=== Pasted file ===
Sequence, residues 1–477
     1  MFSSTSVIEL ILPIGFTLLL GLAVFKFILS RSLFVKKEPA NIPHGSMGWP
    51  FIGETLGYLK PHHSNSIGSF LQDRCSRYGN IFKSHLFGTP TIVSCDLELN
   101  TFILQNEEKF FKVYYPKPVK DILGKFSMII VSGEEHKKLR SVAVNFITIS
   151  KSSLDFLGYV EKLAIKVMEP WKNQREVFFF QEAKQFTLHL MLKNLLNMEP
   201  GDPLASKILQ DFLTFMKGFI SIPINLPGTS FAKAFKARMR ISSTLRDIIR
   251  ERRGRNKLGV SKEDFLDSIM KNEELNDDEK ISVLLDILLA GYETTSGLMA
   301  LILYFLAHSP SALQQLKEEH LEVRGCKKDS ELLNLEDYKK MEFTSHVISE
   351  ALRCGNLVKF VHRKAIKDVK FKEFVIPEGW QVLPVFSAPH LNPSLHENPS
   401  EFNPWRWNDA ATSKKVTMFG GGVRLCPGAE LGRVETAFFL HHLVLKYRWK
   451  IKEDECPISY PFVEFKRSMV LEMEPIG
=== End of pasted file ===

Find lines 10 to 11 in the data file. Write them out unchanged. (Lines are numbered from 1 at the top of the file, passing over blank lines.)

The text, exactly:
   401  EFNPWRWNDA ATSKKVTMFG GGVRLCPGAE LGRVETAFFL HHLVLKYRWK
   451  IKEDECPISY PFVEFKRSMV LEMEPIG